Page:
By James Rickman

What follows is not an attempt at grammar Nazism, even though the first thing that pops up when you google the word “literally” is a definition that includes the words, “not literally.”

Right. So “It literally threw me for a loop” and “I literally went apeshit” (which I can’t even picture) are correct, according to the google dictionary. But, as I said, not a grammar Nazi rant. For three reasons.

1. Another “literally” search result is a humbling Slate article written by OED editor Jesse Sheildlower, who points out that literally’s literal definition is “according to the letter.” So extending its meaning to “by the word” is already a step away from the original sense. “When we use literally to refer to something other than individual letters—to whole words, or to thoughts in general—we are already walking down the figurative path.”

2. Sheildlower also rattles off several quotations from classic literature that sound less like Joyce, Twain, and Fitzgerald and more like…I was going to say “a junior high girl’s tweets,” but that would be totally unfair. “Literally” knows no age or gender. It is almost universal, like herpes. Anyway, the quotations reminded me of a line from Ulysses: the one where Molly Bloom praises a man’s “base barrel tone voice.” By mangling a couple of obvious words, she comes up with a much more vivid description: “He has legs like barrels and you’d think he was singing into a barrel. Now, isn’t that wit.”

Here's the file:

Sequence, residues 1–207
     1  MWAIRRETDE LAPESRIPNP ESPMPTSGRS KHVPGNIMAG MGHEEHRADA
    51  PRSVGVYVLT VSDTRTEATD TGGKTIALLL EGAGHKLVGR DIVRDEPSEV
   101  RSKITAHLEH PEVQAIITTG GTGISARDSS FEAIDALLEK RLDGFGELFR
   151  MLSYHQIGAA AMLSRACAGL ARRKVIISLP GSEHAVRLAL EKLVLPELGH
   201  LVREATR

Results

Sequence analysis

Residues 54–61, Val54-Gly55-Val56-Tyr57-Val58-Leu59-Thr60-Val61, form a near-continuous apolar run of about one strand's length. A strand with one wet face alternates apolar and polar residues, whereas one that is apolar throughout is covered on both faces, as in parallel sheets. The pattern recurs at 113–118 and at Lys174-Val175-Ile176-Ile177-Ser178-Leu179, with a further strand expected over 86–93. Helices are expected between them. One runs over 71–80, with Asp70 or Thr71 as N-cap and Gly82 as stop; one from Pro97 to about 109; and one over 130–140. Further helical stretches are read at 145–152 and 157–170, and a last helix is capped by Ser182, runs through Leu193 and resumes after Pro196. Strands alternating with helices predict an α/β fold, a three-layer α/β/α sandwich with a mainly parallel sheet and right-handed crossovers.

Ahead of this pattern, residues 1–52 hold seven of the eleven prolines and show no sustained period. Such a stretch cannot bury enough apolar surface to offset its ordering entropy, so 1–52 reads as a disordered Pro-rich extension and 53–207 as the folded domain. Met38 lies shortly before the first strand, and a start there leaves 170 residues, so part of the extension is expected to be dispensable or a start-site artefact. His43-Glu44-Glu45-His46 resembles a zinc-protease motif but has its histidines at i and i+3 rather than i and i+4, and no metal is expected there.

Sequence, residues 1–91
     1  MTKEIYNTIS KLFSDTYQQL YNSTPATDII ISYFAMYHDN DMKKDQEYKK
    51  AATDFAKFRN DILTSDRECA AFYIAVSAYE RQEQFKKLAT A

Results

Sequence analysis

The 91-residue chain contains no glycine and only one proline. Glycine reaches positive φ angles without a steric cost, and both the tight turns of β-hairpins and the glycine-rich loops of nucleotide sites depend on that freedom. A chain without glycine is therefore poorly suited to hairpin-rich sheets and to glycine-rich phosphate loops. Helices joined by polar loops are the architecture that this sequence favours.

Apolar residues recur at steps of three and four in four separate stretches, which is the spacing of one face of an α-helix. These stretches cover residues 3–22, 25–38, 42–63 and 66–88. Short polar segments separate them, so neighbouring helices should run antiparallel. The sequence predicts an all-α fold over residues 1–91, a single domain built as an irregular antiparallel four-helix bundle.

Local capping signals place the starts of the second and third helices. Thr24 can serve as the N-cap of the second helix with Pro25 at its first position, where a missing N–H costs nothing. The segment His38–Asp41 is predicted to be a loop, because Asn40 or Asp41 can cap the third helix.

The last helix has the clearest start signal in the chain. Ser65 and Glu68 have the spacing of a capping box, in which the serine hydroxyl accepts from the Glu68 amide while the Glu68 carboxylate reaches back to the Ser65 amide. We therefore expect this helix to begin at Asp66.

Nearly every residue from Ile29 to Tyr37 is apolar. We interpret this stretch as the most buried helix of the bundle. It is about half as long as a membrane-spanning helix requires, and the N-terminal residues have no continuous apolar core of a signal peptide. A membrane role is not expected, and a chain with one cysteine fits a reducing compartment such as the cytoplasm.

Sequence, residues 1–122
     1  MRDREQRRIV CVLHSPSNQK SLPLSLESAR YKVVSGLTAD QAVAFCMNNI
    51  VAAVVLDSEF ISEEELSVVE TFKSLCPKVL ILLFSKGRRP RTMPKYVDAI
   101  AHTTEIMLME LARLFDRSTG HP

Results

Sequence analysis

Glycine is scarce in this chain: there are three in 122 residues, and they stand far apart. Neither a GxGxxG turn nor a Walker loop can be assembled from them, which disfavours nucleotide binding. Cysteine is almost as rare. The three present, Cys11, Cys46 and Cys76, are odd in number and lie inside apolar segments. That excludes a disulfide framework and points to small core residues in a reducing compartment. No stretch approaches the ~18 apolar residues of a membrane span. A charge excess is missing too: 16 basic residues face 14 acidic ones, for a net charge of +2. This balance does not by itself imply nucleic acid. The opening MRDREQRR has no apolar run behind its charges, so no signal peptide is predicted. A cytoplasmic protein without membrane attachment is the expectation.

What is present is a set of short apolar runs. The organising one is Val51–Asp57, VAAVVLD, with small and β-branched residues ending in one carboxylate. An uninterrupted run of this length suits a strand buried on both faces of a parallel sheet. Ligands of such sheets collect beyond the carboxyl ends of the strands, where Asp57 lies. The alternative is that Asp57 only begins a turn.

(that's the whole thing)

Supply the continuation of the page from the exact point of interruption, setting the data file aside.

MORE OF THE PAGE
So maybe that helps to explain the first line of Joyce's story, “The Dead”: “Lily, the caretaker’s daughter, was literally run off her feet.” Unless it's some kind of deconstructionist bluff, my best guess is that Joyce was thinking of “literally” along the lines of “literature-like,” i.e. using the imaginative devices of fiction.

3. Defending grammar is like attacking hipsters: the speaker always loses. The hypocrisy is built-in; there’s no such thing as perfect grammar, and fixating on speech flaws—no matter how rampant, no matter how often “literally” is accompanied by “like,” doubling its grammocidal power—suggests that your priorities are seriously mislaid…mislain? Fuck!

All this reminds me of a line from the Sedaris story “I Like Guys,” when the mean kid tries to humiliate the narrator by holding up a sign bearing the words that give the story its title: “He might as well have hoisted a glistening turd, shouting, ‘Look what he did!’”

Let this be the first day I don’t cringe every time I hear that word. Yes, and starting today I won’t want to curl up on the floor every time someone details the parameters of her (no, “their”—no wait, “Vs!”) pescatarian diet. Life’s too short.

Perhaps my small leap of faith will help to turn the tide on this raging epidemic. And I mean that mess of metaphors literally, as in “not literally."

Image: Cathy Guisewite /